10. Note that the roots of the canines go farther into the jaws than those of the other teeth. This is true for all four canines, it’s just easiest to see with this one. This is a pretty standard mammalian thing, for taxa that still have canines – they tend to be big and mechanically important, so they have deep roots. Even though our canines are absolutely and proportionally much smaller than those in the other great apes, we can still see traces of their earlier importance, like these deep roots.
  11. In places you can see the trabecular internal structure of my mandible clearly. As someone who geeks out pretty much anytime I get a look inside a bone, this tickled me.
  12. The remains of an alveolus or tooth socket. I had my 3rd molars out almost a decade ago, and by now the sockets will have mostly filled in with new trabecular bone. But you can still see the ghostly outline of at least this one – a sort of morphogenetic trace fossil buried inside my mandible. I assume that in another decade or two this will have disappeared through regular bone remodeling.

Here’s a closeup of my left upper 2nd premolar and first two (and only remaining) molars. The gutta-percha filling the pulp cavities of the three roots of the 1st molar is obvious. The disparity in root length is mostly illusory – this was an oblique shot and the two ‘short’ roots are foreshortened.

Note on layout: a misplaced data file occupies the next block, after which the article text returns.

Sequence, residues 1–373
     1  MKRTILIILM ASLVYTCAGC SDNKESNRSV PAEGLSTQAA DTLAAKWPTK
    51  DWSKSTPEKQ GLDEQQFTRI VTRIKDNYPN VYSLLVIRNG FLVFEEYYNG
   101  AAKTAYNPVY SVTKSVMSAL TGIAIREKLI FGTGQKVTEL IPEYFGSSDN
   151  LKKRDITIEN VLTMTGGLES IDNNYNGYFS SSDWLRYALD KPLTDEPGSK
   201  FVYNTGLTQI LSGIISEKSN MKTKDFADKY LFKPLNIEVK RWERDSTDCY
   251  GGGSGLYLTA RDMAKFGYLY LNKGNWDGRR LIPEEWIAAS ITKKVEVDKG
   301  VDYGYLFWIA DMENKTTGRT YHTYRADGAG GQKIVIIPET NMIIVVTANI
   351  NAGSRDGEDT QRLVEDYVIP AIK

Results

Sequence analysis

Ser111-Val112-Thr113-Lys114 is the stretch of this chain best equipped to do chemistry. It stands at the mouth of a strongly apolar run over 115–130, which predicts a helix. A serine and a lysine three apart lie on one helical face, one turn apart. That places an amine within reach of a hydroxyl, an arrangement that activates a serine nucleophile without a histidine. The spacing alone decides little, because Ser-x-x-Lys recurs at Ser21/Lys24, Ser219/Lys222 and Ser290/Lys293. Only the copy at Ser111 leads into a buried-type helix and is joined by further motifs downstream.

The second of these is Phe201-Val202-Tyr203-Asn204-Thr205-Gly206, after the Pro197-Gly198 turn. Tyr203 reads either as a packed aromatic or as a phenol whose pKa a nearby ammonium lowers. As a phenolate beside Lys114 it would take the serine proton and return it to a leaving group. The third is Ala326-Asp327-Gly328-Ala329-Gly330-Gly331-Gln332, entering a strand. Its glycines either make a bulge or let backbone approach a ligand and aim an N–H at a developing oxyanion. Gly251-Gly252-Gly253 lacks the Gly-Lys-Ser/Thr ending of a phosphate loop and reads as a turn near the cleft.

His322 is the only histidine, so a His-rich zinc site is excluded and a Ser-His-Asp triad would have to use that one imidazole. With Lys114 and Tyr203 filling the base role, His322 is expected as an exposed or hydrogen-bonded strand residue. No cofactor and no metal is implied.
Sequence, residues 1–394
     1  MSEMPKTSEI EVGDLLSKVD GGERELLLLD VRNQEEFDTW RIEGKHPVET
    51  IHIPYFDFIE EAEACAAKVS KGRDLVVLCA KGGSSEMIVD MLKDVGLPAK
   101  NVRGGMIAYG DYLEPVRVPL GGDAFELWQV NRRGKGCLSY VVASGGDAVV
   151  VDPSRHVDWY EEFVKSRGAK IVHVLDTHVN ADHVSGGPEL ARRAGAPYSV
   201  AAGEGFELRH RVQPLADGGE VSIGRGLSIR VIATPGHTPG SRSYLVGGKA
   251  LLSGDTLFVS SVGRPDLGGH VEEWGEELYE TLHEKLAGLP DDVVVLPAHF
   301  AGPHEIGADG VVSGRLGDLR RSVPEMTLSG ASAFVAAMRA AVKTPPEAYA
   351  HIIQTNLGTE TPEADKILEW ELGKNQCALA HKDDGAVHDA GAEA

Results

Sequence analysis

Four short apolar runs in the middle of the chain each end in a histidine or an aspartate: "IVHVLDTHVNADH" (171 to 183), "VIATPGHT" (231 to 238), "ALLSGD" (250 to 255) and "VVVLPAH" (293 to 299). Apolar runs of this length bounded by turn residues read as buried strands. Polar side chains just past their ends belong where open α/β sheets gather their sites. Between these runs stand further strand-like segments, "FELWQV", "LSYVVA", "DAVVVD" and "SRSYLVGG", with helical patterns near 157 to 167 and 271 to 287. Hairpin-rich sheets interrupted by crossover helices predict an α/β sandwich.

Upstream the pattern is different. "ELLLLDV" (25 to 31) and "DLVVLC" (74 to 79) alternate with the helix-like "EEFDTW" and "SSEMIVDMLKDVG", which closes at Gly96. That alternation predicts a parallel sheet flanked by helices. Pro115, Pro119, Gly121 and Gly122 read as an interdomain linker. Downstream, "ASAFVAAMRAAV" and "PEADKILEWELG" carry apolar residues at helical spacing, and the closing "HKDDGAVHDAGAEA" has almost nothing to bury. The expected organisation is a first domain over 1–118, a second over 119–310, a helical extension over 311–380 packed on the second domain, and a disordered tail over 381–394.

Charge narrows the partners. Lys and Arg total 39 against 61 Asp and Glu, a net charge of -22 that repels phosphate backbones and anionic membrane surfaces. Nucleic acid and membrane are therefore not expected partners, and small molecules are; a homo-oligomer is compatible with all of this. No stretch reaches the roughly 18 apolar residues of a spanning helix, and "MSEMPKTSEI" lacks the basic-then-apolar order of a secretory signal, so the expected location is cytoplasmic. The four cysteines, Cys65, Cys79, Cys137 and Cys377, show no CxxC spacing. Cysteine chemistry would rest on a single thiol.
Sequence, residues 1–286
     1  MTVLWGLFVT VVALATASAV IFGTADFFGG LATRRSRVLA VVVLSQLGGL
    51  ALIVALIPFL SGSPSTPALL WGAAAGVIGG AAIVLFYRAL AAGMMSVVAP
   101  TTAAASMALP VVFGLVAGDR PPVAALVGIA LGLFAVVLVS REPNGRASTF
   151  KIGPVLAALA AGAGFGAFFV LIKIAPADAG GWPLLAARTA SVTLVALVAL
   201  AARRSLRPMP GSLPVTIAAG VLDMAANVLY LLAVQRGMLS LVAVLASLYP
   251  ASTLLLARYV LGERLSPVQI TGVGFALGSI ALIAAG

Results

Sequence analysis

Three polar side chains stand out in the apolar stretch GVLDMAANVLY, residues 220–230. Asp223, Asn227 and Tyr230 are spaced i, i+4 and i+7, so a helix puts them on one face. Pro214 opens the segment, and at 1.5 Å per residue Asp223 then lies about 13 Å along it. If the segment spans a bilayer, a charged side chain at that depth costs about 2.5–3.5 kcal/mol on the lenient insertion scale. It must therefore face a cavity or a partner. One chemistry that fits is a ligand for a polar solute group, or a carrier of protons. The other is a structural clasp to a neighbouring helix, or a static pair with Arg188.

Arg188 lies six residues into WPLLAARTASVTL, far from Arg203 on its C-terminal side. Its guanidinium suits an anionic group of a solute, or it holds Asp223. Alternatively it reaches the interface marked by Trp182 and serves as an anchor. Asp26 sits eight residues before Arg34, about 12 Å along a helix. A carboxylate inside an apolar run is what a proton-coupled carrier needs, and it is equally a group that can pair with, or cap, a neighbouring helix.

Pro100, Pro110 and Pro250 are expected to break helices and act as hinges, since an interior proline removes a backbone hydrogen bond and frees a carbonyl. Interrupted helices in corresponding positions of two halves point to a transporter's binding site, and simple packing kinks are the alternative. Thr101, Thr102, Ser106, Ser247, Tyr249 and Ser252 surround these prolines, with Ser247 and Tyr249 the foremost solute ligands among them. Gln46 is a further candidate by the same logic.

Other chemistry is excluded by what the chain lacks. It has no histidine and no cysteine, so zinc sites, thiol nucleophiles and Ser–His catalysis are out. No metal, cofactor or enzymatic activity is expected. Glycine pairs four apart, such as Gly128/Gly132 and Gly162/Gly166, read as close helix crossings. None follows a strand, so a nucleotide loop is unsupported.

Here’s the same image with the roots of the 2nd molar traced in pink, and the inferior margin of the maxillary sinus traced in blue. It’s not that uncommon for upper molar roots to stick up into the maxillary sinuses. That was true of my 3rd molars as well, and when I had them taken out, the endodontist had to put stitches into my gums to close the holes. Otherwise I would have had open connections between my oral cavity and maxillary sinuses, which would have sucked and been dangerous. Nasal mucus in the maxillary sinuses could have drained into my mouth, and food I was chewing could have been forced up into the sinuses, where it would have decomposed and caused a truly vile sinus infection.

In a developmental sense, it’s not that the roots of the teeth grow upward into the sinuses, it’s that the sinuses grow downward, eroding the bone around the roots of the teeth. This happens well after the teeth are done forming – the sinuses continue to expand as long as the skull is growing, and they retain the potential to remodel the surrounding bone for as long as we live. Even in cases like mine where the roots of the molars stick up into the sinuses, the tooth roots are still covered by soft tissue, including branches of the superior alveolar artery, vein, and nerve that enter the pulp cavities of the tooth roots through foramina at their tips.

If you ask your dentist for copies of your own dental x-rays, you’ll probably get them. If you do, have fun exploring the weird territory inside your head.


  • Moss, M. L. (1968). A theoretical analysis of the functional matrix. Acta Biotheoretica, 18(1), 195-202.


Internal Iliac Arteries - MJW 2011